Swelling The Ranks With An Important Addition...

John A. Quayle blueoval at SGI.NET
Wed May 14 23:37:13 MDT 2003


 From democrat to independent to republican
Larry Elder 
(<http://www.townhall.com/columnists/larryelder/archive.shtml>archive)

May 15, 2003 | 
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         Nobel laureate economist 
<http://www.friedmanfoundation.org/about/the_friedmans/milton_bio.html>Milton 
Friedman, in a Reason magazine interview, called himself both a Republican 
and a libertarian, "I am a Republican with a capital 'R,' " he said, "and a 
libertarian with a small 'l.' I have a party membership as a Republican, 
not because they have any principles. But because that's the way I am the 
most useful and have the most influence. My philosophy is clearly libertarian."

         Despite the influence of my Democratic mother, I voted for Ronald 
Reagan in 1980, and again in 1984, because he campaigned against high 
taxes, supported limited government, while advancing a tough-minded defense 
in calling the Soviet Union an "evil empire." His successor, George 
Bush-41, for whom I also voted, raised taxes, passed the Clean Air Act, 
passed the Americans With Disabilities Act, re-regulated cable, and railed 
against falling oil prices.

         I felt double-crossed.

         My disillusionment with the GOP caused me to register as "Decline 
to State," which, in California, means independent. Fiscally conservative, 
but socially liberal on many issues, I support a government that stays out 
of my wallet and out of my bedroom. The Founding Fathers envisioned a 
federal government that trusts its people with their money and freedom, 
outlining this limited, non-intrusive federal government in Article 1, 
Section 8 of the Constitution, leaving the other powers to people 
themselves or to the states.

         The Republican Party, even under George W. Bush's confidence, 
character and vision, expanded failed programs like the Department of 
Education's Title I, expanded Clinton's "volunteer" AmeriCorps, passed 
protectionist legislation for steel and lumber, passed our nation's largest 
farm subsidy bill, used taxpayer money for faith-based initiatives, and 
increased the budget beyond that which is necessary for the war on terror 
and the wars in Afghanistan and in Iraq. On the other hand, most 
Libertarians opposed the wars in Afghanistan and Iraq, a position I find 
increasingly naive and simplistic in a world of mobile biological labs and 
radiological bombs capable of being carried in suitcases by our nation's 
enemies.

         Sept. 11, 2001, reminds us that self-defense remains job No. 1, 
and that enemies who hate America cannot simply be sat down and persuaded 
that non-imperialistic Americans seek only to live in harmony and peace. 
President George W. Bush deserves applause for the tremendous job in moving 
public opinion to support not only the war against terrorism, but the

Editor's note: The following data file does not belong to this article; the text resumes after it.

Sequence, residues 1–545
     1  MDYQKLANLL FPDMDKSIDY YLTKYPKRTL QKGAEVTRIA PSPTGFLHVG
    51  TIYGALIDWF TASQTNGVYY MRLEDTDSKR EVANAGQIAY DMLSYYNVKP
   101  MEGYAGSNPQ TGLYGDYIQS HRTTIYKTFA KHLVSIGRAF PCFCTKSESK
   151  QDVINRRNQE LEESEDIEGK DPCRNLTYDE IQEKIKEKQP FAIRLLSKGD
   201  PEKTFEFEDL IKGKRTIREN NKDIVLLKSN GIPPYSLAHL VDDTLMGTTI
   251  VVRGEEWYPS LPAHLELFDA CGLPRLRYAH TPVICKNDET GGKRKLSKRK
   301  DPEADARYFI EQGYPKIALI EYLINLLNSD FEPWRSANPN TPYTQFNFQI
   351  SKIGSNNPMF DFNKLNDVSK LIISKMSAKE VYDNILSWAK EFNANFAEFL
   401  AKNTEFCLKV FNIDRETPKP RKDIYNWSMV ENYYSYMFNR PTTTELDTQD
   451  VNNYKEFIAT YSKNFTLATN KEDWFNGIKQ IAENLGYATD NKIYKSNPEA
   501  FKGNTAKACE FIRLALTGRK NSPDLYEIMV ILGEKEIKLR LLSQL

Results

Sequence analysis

military strike against Iraq.

         In President Bush, Americans see a man who says what he means, and 
means what he says. Certainly, politics generally enters the equation, and 
compromises, however unpleasant, must occur, given the constant 
indoctrination of "the center" by our educational system, our mainstream 
media and Hollywood.

         We need a judiciary that refuses to bend to political pressure in 
areas such as "affirmative action" when the University of Michigan defends 
its program by calling diversity "a compelling state interest"?! The attack 
on competent, presumably conservative judges like Priscilla Owen, Miguel 
Estrada and Charles Pickering demonstrates the importance of electing 
sincere, limited-government Republicans who believe in states' rights, and 
who reject the notion that the "right to privacy" exists in the "penumbras" 
of the Constitution. We need Republicans who understand that giving people 
their hard-earned money back, or better yet, not taking it in the first 
place, jumpstarts the economy.

         Recall former Democratic President John F. Kennedy, in urging a 
tax cut, " . . . It is a paradoxical truth that tax rates are too high 
today and tax revenues are too low -- and the soundest way to raise 
revenues in the long run is to cut rates now. . . . Only full employment 
can balance the budget -- and tax reduction can pave the way to full 
employment. The purpose of cutting taxes now is not to incur a budgetary 
deficit, but to achieve the more prosperous expanding economy which will 
bring a budgetary surplus."

         So, after much soul-searching, on Friday, May 9, 2003, I filed to 
change my voter registration to the Republican Party. Not because I find 
the party pure -- indeed, many Republicans like Sens. John McCain, R-Ariz., 
George Voinovich, R-Ohio, and Olympia Snowe, R-Maine, talk the talk but 
fail to walk the walk. Yet, because of my Republican friends such as 
Congressman David Dreier, R-Calif., writer-director-producer Lionel 
Chetwynd, and many others, I have a greater understanding of the day-to-day 
difficulty of moving intransigent Democrats, and some Republicans, in the 
right direction. I can exercise greater effectiveness cajoling, pushing and 
advocating on the inside, than nagging as an independent from the outside.

         So, to my fellow Republicans: Fight the good fight, explain to the 
American people the importance of limited government, low taxation, strong 
self-defense, and trust them to have the maturity and common sense to 
govern their own personal and financial lives.

         Make no mistake: My libertarian principles remain unchanged. But 
as writer <http://www.townhall.com/bookclub/decter.html>Midge Decter once 
said, "There comes a time to join the side you're on."

Count me in.

©2003 Creators Syndicate, Inc.

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